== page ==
Lost, but in a Good Way
Janice Rodriguez-Andujar (she/her) is a 2021 Youth Civic Design Fellow with the Mayor’s Office of New Urban Mechanics (MONUM). She spent her summer exploring the practice of civic design, learning about city government and supporting key MONUM projects. This year’s 8-week fellowship was made possible through the Youth Engagement and Employment SuccessLink Program for youth and young adults.
Do you ever start off the summer knowing exactly what you’re going to do and how you’re going to do it, but somewhere in the middle of late July and early August realize you are lost? That’s me. I’ve been questioning the meaning of everything and feeling completely lost in the world of civics and design. I used to be somewhat content with my ignorance of all things related to government. Now I stay up at night wondering how to use public spaces for community engagement. I also find myself thinking about which processes can make the public’s interaction with the government more delightful. I can say for sure that most eighteen-year-olds don’t lose sleep over their part-time summer jobs.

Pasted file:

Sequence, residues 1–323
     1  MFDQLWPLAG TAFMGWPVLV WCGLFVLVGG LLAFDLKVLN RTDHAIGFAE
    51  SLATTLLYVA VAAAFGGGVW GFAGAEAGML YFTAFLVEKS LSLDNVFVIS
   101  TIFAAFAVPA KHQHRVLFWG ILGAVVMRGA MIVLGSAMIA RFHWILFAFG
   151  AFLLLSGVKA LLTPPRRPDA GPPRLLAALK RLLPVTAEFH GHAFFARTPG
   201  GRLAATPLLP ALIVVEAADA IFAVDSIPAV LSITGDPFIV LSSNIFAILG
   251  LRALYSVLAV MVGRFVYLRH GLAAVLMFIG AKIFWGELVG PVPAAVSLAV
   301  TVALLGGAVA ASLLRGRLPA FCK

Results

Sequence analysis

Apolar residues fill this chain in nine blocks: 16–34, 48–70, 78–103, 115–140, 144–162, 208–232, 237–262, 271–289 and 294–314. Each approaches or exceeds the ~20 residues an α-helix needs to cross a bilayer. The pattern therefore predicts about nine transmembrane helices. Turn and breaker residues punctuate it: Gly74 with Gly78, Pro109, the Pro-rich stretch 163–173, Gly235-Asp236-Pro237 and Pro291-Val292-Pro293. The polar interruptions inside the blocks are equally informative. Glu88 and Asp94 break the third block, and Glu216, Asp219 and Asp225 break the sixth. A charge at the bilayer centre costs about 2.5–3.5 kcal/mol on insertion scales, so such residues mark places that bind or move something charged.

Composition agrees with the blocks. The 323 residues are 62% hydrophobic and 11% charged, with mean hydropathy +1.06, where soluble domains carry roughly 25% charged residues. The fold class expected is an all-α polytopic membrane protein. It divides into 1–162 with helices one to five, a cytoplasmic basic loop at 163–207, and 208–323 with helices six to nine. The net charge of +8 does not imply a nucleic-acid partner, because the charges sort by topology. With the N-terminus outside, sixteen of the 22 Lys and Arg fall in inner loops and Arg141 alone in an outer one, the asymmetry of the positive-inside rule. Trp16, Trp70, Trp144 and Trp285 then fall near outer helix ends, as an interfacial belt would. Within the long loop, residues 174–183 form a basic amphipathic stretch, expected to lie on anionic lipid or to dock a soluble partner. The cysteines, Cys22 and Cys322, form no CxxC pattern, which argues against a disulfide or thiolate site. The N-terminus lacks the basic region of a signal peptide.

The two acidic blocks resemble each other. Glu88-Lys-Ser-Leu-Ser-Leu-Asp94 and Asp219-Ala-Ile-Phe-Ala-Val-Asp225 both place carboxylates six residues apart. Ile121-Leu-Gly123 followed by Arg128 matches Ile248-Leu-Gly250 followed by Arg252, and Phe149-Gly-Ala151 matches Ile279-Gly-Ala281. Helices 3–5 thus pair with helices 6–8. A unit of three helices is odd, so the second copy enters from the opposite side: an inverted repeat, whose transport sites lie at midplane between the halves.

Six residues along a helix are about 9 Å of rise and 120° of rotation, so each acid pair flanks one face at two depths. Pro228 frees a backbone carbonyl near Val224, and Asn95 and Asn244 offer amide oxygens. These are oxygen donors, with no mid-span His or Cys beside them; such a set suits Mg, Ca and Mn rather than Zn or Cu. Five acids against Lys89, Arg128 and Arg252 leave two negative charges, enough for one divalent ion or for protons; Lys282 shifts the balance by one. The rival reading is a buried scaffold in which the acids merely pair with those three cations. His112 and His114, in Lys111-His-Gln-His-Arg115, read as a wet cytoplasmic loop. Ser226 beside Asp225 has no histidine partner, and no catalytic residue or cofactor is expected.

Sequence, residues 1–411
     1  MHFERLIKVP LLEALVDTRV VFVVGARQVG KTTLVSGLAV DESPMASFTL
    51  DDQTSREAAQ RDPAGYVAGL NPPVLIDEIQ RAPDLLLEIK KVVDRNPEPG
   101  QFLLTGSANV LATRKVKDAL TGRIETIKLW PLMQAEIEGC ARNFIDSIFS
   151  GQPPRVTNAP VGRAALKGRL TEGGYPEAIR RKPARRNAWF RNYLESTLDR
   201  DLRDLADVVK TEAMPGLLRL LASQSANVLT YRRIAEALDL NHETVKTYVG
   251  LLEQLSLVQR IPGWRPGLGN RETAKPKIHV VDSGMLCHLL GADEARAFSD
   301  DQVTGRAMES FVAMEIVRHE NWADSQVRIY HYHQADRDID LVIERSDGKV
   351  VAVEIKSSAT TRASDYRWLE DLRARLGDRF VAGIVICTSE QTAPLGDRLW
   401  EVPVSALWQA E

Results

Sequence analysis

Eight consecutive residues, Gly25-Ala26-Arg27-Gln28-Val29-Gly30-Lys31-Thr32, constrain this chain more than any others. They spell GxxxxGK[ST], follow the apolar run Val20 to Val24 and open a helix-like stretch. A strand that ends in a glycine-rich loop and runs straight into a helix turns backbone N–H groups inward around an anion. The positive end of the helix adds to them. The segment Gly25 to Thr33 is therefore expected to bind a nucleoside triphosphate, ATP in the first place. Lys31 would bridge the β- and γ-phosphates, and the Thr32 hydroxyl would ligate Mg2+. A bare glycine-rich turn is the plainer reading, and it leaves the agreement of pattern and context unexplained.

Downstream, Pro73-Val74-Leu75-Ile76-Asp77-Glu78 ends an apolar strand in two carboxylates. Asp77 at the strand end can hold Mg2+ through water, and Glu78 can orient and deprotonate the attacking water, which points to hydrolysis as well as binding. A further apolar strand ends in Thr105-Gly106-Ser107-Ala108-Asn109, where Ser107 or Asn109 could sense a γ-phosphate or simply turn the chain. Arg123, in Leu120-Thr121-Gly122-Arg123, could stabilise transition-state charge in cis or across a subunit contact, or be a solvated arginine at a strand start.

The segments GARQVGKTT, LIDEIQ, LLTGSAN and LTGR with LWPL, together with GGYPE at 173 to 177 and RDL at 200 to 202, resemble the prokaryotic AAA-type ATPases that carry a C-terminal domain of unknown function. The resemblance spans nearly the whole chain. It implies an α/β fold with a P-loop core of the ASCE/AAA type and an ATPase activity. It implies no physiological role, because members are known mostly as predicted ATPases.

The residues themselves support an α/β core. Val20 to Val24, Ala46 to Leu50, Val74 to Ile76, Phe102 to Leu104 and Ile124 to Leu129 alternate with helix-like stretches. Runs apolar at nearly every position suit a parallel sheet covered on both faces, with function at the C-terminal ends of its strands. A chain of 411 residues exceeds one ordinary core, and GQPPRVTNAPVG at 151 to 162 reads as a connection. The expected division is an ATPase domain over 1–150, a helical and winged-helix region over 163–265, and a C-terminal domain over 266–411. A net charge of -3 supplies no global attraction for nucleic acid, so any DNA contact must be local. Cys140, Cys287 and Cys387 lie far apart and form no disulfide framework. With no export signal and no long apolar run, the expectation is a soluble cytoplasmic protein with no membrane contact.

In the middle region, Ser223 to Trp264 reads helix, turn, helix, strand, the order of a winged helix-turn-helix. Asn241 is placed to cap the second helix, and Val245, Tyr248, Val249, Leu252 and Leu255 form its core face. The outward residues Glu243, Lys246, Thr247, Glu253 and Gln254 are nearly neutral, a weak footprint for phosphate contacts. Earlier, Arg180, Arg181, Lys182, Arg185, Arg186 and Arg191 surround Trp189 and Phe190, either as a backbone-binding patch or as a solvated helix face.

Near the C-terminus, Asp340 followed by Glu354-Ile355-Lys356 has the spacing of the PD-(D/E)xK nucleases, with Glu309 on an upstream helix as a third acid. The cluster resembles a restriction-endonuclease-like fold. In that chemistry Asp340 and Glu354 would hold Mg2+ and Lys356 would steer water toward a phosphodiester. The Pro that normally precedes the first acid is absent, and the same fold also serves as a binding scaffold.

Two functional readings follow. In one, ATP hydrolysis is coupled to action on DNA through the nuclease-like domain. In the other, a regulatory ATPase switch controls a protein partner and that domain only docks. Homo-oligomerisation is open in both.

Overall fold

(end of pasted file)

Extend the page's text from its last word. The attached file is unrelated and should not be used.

I used to think the summer between my senior year of high school and my first year of college would be filled with vacations and trips to the beach. Due to the pandemic and the high cost of an undergraduate degree, I chose to work from home this summer, save money, and boost my resume. I was very lucky when the Mayor’s Office of New Urban Mechanics (MONUM) hired me as one of two Youth Civic Design Fellows. I want to express my gratitude to the MONUM team for providing safe spaces for me to challenge my understanding of civic design. Thank you for posing questions I have never considered before and allowing me to lose myself within this type of work.